"If you want to control privacy and attention – just put them in a group" seems to be the answer that most of the socials media (and other) sites are moving towards.
Each of them has a subtly, or even dramatically, different way of implementing groups, but fundamentally they are all trying to do the same thing.
The basic philosophy is that we can put people into different buckets and the bucket is then linked to different levels of privacy and attention.
The main reason for the buckets is that they provide a way of simplifying the administration of the system.
In most instances the group configuration that most people use is quite simple. Flickr, for instance, doesn’t even let you create your own groups, it gives you three – contacts, contacts that are friends, contacts that are family – that’s it. People need to fit into one of these buckets if you are going to control what pictures people can see. Google+ has circles which are nicely animated, but basically do the same thing. You can have as many Circles as you like, and you can put people into those circles in order to control what people see and what you see about people. Twitter’s notion of a group is the list, but they only help attention management, they don’t do anything for privacy.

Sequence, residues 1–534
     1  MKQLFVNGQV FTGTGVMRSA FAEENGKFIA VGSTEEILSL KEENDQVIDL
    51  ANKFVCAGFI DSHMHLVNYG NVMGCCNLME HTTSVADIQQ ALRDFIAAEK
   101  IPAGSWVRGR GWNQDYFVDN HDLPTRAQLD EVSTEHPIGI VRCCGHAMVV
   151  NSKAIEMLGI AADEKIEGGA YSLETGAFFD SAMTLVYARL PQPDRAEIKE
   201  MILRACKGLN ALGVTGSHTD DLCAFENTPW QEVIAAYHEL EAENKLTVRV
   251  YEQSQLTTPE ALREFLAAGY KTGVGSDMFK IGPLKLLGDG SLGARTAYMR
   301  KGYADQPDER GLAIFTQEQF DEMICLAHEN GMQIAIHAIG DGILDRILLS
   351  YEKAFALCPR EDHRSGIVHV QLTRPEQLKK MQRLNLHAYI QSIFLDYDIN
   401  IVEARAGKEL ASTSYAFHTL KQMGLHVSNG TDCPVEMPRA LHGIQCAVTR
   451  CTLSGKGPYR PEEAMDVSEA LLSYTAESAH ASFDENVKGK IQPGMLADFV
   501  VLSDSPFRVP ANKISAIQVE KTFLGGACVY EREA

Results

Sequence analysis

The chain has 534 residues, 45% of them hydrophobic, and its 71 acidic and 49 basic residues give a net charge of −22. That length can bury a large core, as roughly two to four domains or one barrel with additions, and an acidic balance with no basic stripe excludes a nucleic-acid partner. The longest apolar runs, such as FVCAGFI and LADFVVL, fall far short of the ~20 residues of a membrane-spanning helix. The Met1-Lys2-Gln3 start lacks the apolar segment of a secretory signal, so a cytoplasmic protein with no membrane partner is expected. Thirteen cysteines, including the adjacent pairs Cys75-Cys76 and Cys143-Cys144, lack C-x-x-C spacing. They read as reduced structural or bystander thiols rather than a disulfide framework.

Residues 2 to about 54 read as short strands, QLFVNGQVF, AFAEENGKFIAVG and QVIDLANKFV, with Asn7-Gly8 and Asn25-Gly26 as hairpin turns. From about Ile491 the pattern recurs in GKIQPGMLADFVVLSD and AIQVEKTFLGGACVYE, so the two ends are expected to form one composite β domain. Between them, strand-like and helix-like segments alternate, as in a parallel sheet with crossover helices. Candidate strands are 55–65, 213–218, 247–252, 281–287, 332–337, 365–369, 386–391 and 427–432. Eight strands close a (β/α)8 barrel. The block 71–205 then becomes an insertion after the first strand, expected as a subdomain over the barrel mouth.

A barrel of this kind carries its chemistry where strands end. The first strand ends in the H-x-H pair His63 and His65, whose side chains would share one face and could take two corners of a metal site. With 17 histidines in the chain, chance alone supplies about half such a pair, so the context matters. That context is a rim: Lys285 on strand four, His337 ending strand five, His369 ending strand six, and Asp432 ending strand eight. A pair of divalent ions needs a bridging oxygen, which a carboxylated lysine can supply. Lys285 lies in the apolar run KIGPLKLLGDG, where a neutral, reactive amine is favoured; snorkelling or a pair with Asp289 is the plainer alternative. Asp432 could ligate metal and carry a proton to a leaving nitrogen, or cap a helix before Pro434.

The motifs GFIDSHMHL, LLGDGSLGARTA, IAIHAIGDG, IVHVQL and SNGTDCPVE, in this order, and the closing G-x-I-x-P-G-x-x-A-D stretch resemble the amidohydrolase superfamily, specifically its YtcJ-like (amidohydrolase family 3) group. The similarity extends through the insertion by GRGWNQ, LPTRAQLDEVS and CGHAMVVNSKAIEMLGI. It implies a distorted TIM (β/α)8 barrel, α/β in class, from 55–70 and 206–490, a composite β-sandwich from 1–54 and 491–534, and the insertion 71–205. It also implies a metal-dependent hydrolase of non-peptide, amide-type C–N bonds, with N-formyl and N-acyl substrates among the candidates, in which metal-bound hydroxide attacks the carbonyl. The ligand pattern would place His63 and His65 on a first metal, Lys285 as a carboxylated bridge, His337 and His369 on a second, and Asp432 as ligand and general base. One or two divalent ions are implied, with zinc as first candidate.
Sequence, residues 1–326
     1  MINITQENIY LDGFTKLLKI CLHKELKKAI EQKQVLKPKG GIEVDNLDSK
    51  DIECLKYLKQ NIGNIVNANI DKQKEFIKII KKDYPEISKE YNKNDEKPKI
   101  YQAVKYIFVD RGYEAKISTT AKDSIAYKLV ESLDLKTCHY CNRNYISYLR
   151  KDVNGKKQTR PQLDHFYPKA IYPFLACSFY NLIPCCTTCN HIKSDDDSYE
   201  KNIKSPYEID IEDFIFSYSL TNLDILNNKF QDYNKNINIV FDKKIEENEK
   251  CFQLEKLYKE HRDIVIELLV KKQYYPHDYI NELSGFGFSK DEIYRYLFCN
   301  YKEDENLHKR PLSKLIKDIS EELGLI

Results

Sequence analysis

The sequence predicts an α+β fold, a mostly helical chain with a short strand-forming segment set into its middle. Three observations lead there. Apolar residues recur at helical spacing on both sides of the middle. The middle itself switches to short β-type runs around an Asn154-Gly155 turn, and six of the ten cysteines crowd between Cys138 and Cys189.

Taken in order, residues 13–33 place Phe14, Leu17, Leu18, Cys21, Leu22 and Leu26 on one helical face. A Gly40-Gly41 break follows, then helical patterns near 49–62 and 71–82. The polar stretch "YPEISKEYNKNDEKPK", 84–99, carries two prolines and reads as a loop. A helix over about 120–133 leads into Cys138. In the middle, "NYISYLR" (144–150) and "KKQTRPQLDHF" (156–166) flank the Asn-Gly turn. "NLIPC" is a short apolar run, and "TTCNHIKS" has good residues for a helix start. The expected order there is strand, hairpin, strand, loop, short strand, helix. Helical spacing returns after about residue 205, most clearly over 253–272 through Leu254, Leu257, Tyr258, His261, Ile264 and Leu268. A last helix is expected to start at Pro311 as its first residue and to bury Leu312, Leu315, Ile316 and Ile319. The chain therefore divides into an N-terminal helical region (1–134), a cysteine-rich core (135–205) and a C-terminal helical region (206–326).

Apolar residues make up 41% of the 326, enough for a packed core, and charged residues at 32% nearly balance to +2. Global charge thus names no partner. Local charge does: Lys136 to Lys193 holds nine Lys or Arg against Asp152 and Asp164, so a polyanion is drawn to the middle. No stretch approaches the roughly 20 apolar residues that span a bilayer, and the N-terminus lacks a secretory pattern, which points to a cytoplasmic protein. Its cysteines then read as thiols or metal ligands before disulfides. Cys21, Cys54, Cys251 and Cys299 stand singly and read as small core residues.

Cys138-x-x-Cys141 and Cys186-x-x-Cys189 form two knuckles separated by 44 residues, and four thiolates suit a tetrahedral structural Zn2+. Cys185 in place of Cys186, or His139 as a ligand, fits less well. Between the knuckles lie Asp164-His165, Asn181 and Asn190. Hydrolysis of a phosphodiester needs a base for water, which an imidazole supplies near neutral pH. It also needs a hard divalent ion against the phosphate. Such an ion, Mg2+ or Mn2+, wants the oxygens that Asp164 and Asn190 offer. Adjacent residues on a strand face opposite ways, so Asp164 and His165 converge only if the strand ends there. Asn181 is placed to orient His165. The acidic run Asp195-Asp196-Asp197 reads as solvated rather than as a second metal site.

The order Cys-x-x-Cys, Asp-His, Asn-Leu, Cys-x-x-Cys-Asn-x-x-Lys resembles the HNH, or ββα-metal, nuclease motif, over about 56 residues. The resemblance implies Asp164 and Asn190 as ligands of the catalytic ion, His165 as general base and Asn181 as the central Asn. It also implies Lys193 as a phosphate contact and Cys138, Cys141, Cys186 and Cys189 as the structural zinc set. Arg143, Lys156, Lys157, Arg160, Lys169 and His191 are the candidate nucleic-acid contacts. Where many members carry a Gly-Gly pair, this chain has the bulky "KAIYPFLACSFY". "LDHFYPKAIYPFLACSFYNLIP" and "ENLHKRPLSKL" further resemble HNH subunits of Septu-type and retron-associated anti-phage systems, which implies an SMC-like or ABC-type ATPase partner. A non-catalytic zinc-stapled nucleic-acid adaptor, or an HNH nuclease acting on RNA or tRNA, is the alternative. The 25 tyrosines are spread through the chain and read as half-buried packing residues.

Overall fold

There are a number of challenges with this situation.
The first challenge is the most obvious issue – there is no way to manage groups across the various services. If I want a family bucket on Flickr and Facebook I need to create it, and administer a group on Facebook and another group on Flickr. If you really wanted to get organised about the groups that you use you would spend a significant amount of time administering all of them.
Another challenge, and the most fundamental one, is that socially a group is quite a fluid thing, and the fluid has different densities. My example here is an event with a group of friends. The group for the event starts off as the group of friends who are invited. The group related to the event doesn’t stay like that though, as people choose whether they are coming, or not, the group changes, but it doesn’t change in the same way for everyone. Some people who are not attending may still want to be told about the group as the event occurs, others don’t want to know anything. If we are running the event for the group of friends we will know the difference between the people to keep in the loop, and the people to leave out. The members of the group have changed, but so has the type of connection that people have with the group.
Groups might help us in administration terms, but I don’t think that groups really give us what we need.
Also see: Privacy and Attention Dimensions